Call it by its name

I have spent the last week immersed in my PhD thesis proposal, which has proved to be a perilous journey which has left me with only remnants of inspiration with which to write a blog entry.

The news emerging from Libya and Cote d’Ivoire is dismal. The two countries have descended into what is not civil war simply because no one yet wishes to name the situations in which they are embroiled. Libya is “shifting towards civil war” and words such as “offensives” and phrases such as “fortifying positions are being bandied about, but somehow it is not yet a civil war. In Cote d’Ivoire the UN is “worried” about the situation and the AU is being as effective as usual while seven women protesters are gunned down in public.

“A civil war is a war between organized groups within the same nation state” says Wikipedia. I’m certain the UN must have checklist they lists criteria for a civil war similar to their “what is genocide” checklist.

The UN and AU are waiting for militia to be formed, fuelled by insatiable bloodlust and to wantonly massacres hundreds and thousands of civilians before it called a war.

What is it when mortars and bombs are dropped on citizens? These dictators who refuse to relinquish power are in their luxuries abodes feeding off the spinelessness of international organisations and the so-called superpowers. They are safely immersed in the knowledge that as long as their actions are not called civil war then no real action can be taken against them.  

Furthermore, the citizens of these countries seem unaware to where their actions may lead. On television, smiles were large and plentiful on gun and machete-toting vigilantes and fifteen year old boys declared their plans to fight in the desert. These children have a burning desire to go to war, but for what, for whom and for how long? In civil wars inevitably those who cannot fight suffer the most; in Cote D’Ivoire at least they should know how war really looks.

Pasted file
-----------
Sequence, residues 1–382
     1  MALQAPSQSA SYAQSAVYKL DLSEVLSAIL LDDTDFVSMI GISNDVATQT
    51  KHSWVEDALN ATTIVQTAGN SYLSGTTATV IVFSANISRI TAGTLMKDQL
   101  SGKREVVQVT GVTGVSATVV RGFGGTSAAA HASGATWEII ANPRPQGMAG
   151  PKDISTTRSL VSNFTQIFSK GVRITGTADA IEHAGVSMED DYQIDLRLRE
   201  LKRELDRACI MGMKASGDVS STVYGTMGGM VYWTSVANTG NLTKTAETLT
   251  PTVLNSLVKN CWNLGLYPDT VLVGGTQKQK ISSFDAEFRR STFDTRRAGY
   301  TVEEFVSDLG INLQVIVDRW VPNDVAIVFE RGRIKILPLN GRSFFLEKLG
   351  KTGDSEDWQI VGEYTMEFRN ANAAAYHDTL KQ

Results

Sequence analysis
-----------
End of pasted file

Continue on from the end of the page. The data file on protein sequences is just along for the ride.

As long as their actions are not named as what they are – war - these dictators are being supported by the international community. Gaddaffi most certainly has more money than what he has stashed in European banks and of course the two leaders have many likeminded cohorts who would happily return their favours. Gaddaffi’s “investment” is the rest of Africa was not done from the good of his heart but was a strategy to ensure that enough people owed him favours in case of such of an eventuality.

Thus, the international community will continue to sidestep the flames and refuse to acknowledge the situation. It will be as it was in the 1980’s when people believed that if they called their disease anything but AIDS then it could not be AIDS, or how the international community pussyfooted around naming the Rwandan killings genocide. 

Photographs: The Guardian

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